Thursday, December 18, 2008

What you see is not where you go!

I know the title does not make any sense -- maybe it will after you read the post.

One of the common means of phishing is to take you to a malicious website when you think you are at the genuine website. The task is not so easy for the attacker to make you believe. A fundamental hole (genuinely useful in many cases) is that a HTML link can be named anything you want, while the URL can be anything.

eg., Google -- This link shows up as Google and takes you to when you click on it. A non-techy user who uses internet for banking etc., might believe that a 'ABC Bank Login' link will really take him there --- but there is absolutely no need. Unfortunately this simple tweak is seeming to be enough to succeed against a non-techy user. All that the attacker needs to do is to make sure that the malicious page looks the same as the original page.

Among the smarter people, the most popular way to check the link is to not go by the text, but by the URL the link is pointing to. All browsers have ways to find this out. The simple thing is to hover the mouse over the link and look at the status bar of the browser. Scripts can manipulate what is being shown in the status bar and so the other option is to see the properties of the link (right-click).

Unfortunately this does not help all the time. This is what even some techy users do not know. A hacker can show the URL of the genuine site until the user clicks on it, and then redirect him to the malicious site the moment he clicks the link (This reminds me of the click-hijacking vulnerability in the flash player -- Interested people can read further here).

Now look at the following example: This links reads Google and continues to show the URL of but when you click on it, it would take you to If you notice carefully the URL is changed on the fly when the mouse is clicked on the link. Not many users will notice that the URL is changing (if you think you always would notice, wait for a while and read further).

Google -- see the properties of the link and click on this link. see where you go!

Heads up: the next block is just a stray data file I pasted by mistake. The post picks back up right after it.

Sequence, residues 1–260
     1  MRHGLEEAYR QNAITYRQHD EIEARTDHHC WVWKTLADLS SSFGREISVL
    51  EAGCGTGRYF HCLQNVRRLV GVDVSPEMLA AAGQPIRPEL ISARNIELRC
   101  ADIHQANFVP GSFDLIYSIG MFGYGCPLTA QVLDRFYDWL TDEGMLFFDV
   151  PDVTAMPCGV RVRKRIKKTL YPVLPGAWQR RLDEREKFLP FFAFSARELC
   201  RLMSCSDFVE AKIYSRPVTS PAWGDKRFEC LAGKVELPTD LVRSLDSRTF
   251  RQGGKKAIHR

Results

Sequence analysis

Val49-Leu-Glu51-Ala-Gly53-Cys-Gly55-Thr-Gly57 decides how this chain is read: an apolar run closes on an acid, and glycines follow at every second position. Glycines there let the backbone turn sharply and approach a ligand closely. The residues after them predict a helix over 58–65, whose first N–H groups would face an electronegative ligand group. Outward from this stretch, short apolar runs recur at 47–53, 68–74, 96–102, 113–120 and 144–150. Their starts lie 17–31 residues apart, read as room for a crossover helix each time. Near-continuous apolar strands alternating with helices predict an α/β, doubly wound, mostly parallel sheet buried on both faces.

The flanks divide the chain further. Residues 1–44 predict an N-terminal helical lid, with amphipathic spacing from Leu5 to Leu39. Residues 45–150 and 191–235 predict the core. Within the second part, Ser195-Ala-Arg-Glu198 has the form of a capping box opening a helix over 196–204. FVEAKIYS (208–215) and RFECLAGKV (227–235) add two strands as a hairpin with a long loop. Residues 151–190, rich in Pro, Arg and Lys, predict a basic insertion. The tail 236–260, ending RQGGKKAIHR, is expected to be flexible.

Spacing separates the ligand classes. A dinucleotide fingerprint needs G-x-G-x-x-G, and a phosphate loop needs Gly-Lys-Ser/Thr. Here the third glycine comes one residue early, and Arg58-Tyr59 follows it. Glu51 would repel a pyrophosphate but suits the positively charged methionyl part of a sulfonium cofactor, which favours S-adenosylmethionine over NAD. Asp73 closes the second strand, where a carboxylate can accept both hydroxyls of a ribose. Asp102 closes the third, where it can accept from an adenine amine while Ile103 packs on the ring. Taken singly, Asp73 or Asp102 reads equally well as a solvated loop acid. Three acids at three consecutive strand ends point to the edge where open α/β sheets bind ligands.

[Update: This trick does not work on Google reader (possibly other readers too). So please visit my blog page if the link doesn't work for you. Thanks Senthil for pointing this out]

This is the dangerous part. It is quite difficult for us to notice these subtle things on hundreds of links that we click everyday. But being aware of these traps is very important. At least we would know how to be vigilant while accessing confidential and financial sites.

The other most effective way is to make sure your URL is correct on the address bar of the browser after you reach the site (yes, DNS spoofing will fool you here). Thankfully if the website is a https website (in most cases it is, where you need them), it is the best to make sure that the SSL certificate belongs to the website that you are pointing too.

Ok, now for those who thought they would always notice the link : Have you noticed that when you click on a link from the search results page in google, you are actually clicking on a link that takes you to and not directly to the website you want to reach? It is actually Google that redirects you to the actual website -- but we usually fail to notice this. Now that I told you it would be obvious this is how google's page ranking works! I'm surprised that google does this; I would rather feel safe to see the actual google's URL on the link given that the website's URL is anyway shown at the bottom of every site listed in the search results page.

So be vigilant, have a safe browsing -- because what you see is not where you go :)


  1. Google Reader strips off the onmouseover attribute of the a tag in the second "hijack" example.

    They probably do it to avoid executing code that could potentially hack into the reader itself.
    You might want to tell your blog readers using Google Reader that "what they see is not what they get" :)

  2. Thanks Senthil for finding this out. I use google reader, but I don't have my page added :) I've updated the post with a message about this.

    True, possibly they want to keep the google reader page from cross-site scripting.